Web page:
A rogue black hole wandering the spatial corridors of our galaxy, the Milky Way, could be the smallest black hole ever found, according to an estimate of its mass.
Earlier this year, astronomers led by Kailash Sahu of the Space Telescope Science Institute in Baltimore, Maryland, announced the discovery of the first known isolated stellar-mass black hole.
The black hole is 5,000 light-years away and was discovered through the power of its gravity to act as a gravitational lens, magnifying light from a background star 19,000 light-years away. It was initially spotted by two ground-based surveys, the Polish-led Optical Gravitational Lensing Experiment (OGLE), which primarily uses the Las Campanas Observatory in Chile, and the Microlensing Observations in Astrophysics (MOA) project at the observatory at Mount John University in New Zealand.
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Sahu’s team used the Hubble Space Telescope to track the discovery, and the degree of gravitational lensing allowed them to conclude that the black hole has a mass about 7.1 times the mass of the sun.
However, a second team has now come up with a different mass calculation. The group, led by Casey Lam of the University of California, Berkeley, concluded that the object had a mass between 1.6 and 4.4 times the mass of the sun. If correct, it could have intriguing implications.
Stellar-mass black holes are the product of supernovae from stars with a mass 20 times that of the Sun. On the other hand, when stars of 8 to 20 solar masses become supernovae, they leave behind a neutron star instead.
Neutron stars can theoretically have masses up to about 2.3 solar masses. Observations of detectable stellar-mass black holes in binary systems have found none with less than 5 solar masses, creating a gap between the most massive neutron stars and the least massive black holes. If the black hole is at the upper end of Lam’s mass range, it would help close that gap. (Several candidate gravitational wave events have also been detected involving objects that fall into this mass gap.)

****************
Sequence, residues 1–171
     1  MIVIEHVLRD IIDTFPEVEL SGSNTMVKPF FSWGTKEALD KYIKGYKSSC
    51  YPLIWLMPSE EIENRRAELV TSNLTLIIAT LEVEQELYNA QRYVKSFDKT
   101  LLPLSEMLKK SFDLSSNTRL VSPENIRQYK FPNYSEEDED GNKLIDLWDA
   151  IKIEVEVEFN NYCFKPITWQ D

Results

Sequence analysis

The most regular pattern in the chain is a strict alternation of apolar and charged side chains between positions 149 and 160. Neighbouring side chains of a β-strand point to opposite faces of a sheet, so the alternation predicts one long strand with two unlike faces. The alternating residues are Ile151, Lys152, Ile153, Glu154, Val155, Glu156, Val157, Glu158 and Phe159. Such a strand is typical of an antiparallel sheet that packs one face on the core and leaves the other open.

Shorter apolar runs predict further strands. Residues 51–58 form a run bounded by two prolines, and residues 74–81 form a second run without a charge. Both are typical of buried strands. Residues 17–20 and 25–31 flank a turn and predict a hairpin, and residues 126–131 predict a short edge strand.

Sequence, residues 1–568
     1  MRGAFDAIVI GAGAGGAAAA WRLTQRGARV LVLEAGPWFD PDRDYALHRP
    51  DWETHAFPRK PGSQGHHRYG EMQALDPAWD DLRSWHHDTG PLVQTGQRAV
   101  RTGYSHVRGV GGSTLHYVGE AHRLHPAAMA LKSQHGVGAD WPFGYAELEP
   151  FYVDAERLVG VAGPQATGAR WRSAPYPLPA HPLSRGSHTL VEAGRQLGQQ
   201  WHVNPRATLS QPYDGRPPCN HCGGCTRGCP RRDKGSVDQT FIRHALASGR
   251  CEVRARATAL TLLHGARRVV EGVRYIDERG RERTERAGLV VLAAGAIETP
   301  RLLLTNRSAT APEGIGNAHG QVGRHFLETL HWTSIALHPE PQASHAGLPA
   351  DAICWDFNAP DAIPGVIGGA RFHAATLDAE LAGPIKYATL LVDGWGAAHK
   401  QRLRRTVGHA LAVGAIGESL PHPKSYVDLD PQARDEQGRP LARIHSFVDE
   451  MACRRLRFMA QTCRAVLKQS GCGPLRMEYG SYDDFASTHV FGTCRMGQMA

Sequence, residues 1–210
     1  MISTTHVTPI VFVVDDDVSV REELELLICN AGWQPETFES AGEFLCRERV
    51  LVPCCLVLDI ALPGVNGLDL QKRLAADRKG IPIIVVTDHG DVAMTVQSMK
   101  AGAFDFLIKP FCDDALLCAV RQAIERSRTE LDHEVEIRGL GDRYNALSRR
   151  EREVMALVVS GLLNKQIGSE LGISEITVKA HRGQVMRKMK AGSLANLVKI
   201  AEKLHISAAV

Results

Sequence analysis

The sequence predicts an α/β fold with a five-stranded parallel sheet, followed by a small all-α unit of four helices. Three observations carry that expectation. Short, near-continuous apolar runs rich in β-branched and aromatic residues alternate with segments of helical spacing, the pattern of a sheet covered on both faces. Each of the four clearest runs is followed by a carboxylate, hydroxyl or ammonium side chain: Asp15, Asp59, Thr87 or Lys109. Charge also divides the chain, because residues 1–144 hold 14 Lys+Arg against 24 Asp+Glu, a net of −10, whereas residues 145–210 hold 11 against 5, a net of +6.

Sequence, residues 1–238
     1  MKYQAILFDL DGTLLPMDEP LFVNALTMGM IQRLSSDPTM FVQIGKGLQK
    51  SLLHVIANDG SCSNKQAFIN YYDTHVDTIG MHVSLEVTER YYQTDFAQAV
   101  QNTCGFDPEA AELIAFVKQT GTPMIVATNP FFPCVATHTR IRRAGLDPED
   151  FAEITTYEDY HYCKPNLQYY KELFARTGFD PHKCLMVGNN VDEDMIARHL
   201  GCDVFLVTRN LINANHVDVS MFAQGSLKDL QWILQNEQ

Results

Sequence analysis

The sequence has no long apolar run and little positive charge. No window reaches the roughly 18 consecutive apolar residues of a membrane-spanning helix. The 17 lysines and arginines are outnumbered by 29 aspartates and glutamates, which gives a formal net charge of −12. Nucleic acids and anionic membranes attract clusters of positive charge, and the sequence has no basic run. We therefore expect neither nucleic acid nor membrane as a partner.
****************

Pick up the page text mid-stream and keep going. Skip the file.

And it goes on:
“In any event, the object is the first dark stellar remnant discovered wandering the galaxy unaccompanied by another star,” Lam said in a NASA statement. (opens in a new tab).
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Even though stars over 20 solar masses are only 0.1% of all stars in the Milky Way, there are so many stars in the Milky Way (about 100-200 billion) and the Milky Way is so ancient (about 13 billion years old) that there should now be 100 million or more stellar-mass black holes in our galaxy.
Many of them are found in binary systems, where their presence is evident from their gravitational pull on their companion star and their accretion of matter from their neighbour. One of them was even discovered inside a star cluster, NGC 1850 in the Large Magellanic Cloud. However, many more will wander between the stars, going unnoticed until a random alignment with a background star means we spot them by creating a gravitational lens.
This discovery is just the tip of the iceberg. NASA’s Nancy Grace Roman Space Telescope, slated for launch in 2027, will survey large swathes of the Milky Way and is expected to identify several thousand microlensing events, many of which could be black holes.
The two articles of the Sahu team (opens in a new tab) and Lam’s team (opens in a new tab) are published online.
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